And, finally, looking at whether hospitals and other providers have interfacility transfer agreements in place. So those four elements are what we are calling operational capacity. So just to give you a sense of what we're actually measuring or asking you to provide information on.
The second measure doesn't have any subcomponents, and it's the measure that looks at, if it's part of the recertification process for paramedics, whether built into that is some training or course work around pediatric emergency care. So that's the second measure.
And the third measure is looking at the state's ability to establish permanence of the EMSC program within the EMS system. And again this is looking at the stability of the program, the longevity of the program. So that's what we mean by permanence. And for this measure we looked at, I think, five different subcomponents, it's kind of grown and shrunk as we've refined these measures but we're now at five different subcomponents. One of the subcomponents looks at the establishment of an EMSC advisory committee so that's one way to get yourself entrenched within the larger system.
The other component looks at pediatric representation on various EMSC committees or boards. So making sure that you have a voice at that table.
The other component looks at FTEs and whether you have FTEs that are partially or completely funded to support the EMSC program.
The second to last component looks at in terms of legislation and mandates, whether there's a process in place that you develop to integrate pediatric issues within existing statutes and legislation and regulation.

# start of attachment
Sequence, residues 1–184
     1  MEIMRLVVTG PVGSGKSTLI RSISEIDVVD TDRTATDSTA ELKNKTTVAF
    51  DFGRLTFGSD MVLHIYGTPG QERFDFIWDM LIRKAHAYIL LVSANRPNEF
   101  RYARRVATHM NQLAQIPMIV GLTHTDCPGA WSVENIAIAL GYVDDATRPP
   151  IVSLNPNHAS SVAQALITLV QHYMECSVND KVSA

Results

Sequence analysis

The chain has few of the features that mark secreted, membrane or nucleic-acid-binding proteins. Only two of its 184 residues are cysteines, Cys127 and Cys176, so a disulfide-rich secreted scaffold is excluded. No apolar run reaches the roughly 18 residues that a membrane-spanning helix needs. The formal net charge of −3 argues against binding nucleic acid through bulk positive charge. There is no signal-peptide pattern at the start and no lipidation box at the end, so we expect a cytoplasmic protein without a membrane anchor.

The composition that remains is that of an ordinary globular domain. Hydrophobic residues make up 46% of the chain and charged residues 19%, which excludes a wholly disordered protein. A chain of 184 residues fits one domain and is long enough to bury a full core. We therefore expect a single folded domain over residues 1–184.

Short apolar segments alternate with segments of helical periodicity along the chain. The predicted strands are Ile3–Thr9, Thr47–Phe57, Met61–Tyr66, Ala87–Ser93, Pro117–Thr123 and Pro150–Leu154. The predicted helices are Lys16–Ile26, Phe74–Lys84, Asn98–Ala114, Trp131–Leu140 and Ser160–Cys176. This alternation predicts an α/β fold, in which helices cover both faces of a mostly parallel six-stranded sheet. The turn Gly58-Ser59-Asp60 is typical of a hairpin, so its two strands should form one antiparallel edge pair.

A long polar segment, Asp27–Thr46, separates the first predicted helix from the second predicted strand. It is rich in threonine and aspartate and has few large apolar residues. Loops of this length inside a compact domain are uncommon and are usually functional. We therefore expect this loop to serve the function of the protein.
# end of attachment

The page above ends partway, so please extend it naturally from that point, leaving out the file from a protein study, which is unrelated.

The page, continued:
And finally is looking at the ability of the state to collect information or data on emergency care provided to pediatric populations. All right. So we say there are three measures, and technically there are. But there are a lot of ‑‑ lots of subcomponents to each of the measures. I want to make sure I point that out to you before I launch out into the presentation.
What I want to focus on during this presentation is the site visits that we did to the three beta test grantees. So once we developed these measures one of the things, important next step was to figure out how do you move forward in terms of implementing these measures. So the three grantees here, happily, can I say happily, accepted our invitation to serve as beta test grantees and I just want to give you an overview of the beta test process, what was covered, what things we tried to get out of those site visits and then talk about some of the top level findings from the beta test site visit and again your handout has more of the specific detail. And then we also want to have a panel discussion with the grantees here. So to give you an opportunity to ask them questions, ask us questions, ask HRSA, the resource center, everybody that's represented here. But give them an opportunity to talk about their experience as a beta test site and actually thinking about implementing these performance measures.
All right. So the purpose of the beta test. As I mentioned, the main goal of the beta test was to understand the process for collecting, analyzing and reporting data for each of the measures. So it was really important for us to understand now that we have these measures how are they going to work in the real world. What's the feasibility of actually gathering information for these measures and then reporting that information up to HRSA.
The other important goal of the site visit, of the beta test, was to develop some kind of implementation manual. One of the things I think Mike and Janet are going to be talking with you about later on is about some of the TA activities that they'll be assisting you on. One of the activities is this implementation manual that will clearly articulate what are some of the important steps that you would take to implement the measures and then highlight some potential data sources that we have learned through our site visits with the three grantees.